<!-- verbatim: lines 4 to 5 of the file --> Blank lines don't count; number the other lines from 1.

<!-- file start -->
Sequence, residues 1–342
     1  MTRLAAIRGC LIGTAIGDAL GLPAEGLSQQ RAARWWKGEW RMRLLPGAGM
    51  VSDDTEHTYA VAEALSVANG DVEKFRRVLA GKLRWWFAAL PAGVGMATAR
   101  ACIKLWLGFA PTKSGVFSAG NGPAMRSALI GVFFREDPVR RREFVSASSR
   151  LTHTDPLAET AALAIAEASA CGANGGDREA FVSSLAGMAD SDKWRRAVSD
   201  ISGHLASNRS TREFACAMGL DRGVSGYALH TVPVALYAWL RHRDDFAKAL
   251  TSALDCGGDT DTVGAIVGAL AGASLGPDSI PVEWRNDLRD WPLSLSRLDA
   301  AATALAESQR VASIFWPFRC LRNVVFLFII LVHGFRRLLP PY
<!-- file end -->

   101  ACIKLWLGFA PTKSGVFSAG NGPAMRSALI GVFFREDPVR RREFVSASSR
   151  LTHTDPLAET AALAIAEASA CGANGGDREA FVSSLAGMAD SDKWRRAVSD